You cannot get more quintessentially British than rhubarb. Technically a vegetable and believed to hail originally from the mountains of Mongolia rather than the UK, its beautiful pink stalks are slightly sweet and definitely sour.
Rhubarb is an extremely hardy plant. It is easy to grow and does so just about anywhere, from Siberia to Maine. It springs back again and again with minimal effort to the extent that it is actually considered a weed in certain places. Sounds great, right? Yes.... except that rhubarb grown this way is extremely sour and tough. Oh, and the leaves are actually toxic so not exactly something you would be raring to grow in your veg patch.
It wasn't until the 18th century that people cottoned on to the fact that a. rhubarb tastes pretty good when it's been sweetened and b. it grows really rather well in the stereotypically rainy and chilly British climate. And so it began to be grown in large quantities for culinary consumption. Industrious farmers realised that if you grow the plant in the dark, the stalks actually come out much sweeter and don't even need sugar to make them taste delicious. Normally glucose is used by the entire plant from roots to leaves during growth. However, by removing the plant's source of light, the leaves will become anaemic and stunted allowing all the sugars to remain in the stalks. The stems remain a delicate pink rather than turning green due to photosynthesis and have a much sweeter, more delicate and desirable flavour. And so began the tradition of growing rhubarb in the dark which is still alive today.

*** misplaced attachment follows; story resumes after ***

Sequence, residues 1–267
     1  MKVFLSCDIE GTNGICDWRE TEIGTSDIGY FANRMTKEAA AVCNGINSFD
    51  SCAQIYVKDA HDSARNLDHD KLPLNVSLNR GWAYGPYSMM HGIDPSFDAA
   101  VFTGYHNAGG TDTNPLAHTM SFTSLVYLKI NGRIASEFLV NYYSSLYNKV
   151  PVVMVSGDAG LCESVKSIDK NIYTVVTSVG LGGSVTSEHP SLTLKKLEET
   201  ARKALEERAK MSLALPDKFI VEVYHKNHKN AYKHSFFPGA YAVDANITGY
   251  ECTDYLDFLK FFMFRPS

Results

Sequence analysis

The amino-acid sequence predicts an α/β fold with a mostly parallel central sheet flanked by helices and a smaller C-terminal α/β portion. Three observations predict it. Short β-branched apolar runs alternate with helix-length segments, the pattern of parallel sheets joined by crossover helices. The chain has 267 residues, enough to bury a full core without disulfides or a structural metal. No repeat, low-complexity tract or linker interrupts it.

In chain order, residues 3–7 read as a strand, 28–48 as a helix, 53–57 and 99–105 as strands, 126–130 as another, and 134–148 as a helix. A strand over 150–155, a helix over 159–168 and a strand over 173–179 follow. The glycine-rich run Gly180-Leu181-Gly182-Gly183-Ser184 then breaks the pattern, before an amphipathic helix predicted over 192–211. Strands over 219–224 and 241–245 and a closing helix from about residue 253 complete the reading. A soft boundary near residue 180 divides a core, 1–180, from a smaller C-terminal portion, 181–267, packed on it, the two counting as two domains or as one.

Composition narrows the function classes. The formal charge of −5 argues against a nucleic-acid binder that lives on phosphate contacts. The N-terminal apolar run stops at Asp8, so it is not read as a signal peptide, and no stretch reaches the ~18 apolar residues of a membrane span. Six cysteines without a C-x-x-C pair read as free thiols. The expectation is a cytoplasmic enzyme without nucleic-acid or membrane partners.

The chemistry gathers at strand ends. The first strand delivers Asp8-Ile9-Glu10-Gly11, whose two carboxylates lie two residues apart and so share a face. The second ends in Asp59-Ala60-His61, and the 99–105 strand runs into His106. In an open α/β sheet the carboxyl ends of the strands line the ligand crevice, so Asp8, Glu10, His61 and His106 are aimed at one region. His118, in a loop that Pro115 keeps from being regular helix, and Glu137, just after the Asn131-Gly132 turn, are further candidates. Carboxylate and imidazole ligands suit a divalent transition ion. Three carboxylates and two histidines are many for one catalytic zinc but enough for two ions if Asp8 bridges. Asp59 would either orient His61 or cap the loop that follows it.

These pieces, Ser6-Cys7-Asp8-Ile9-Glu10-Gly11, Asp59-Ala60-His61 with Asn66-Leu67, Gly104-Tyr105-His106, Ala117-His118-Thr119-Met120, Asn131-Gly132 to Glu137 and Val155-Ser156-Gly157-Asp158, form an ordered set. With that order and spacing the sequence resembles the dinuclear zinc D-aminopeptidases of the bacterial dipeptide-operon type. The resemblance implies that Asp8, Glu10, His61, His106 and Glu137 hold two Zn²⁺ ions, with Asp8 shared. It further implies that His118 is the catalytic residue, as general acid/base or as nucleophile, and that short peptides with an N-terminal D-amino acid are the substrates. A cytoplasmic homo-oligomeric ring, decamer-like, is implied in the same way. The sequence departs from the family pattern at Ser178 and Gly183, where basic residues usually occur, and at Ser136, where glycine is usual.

Producers began cultivating the rhubarb in dark, heated barns called forcing sheds, covering the stalks in manure. This was and is still done entirely by candlelight as even torchlight can interfere with the delicate forcing process. It is said that rhubarb produced in this way grows at such a swift pace that, if you're quiet and stand near, you can actually hear large groups of it growing (a thought which puts a huge smile on my face). The epicentre of all this horticultural wizardry can be found in the Rhubarb Triangle, a 9 square mile area of West Yorkshire near Wakefield which once supplied near enough the entire globe with forced rhubarb.
And the best thing? It's in season right now, which means that Spring is here and that we can indulge in some delicious Yorkshire rhubarb recipes immediately.
In an effort to celebrate the beauty of this special product, our girl on the ground in NYC, Noreen, created this recipe for simple poached rhubarb. Just a bit of sugar, lemon and vanilla- sweet, fragrant and delicious. Have it spooned over yoghurt or ice cream or as a topping for tea cake.
Vanilla poached rhubarb
250g forced rhubarb
35g caster sugar
juice of 1/2 lemon
1 tsp vanilla bean paste
1/4 tsp salt
splash of water
- Trim the rhubarb stalks and cut into large 4 inch chunks.
- Add to a medium saucepan along with the rest of the ingredients.
- Bring to a quick boil over a medium-high heat and then immediately reduce to a low simmer.
- Poach for 8 to 10 minutes until tender.
- Store in a container in a fridge. The leftover syrup is great in cocktails!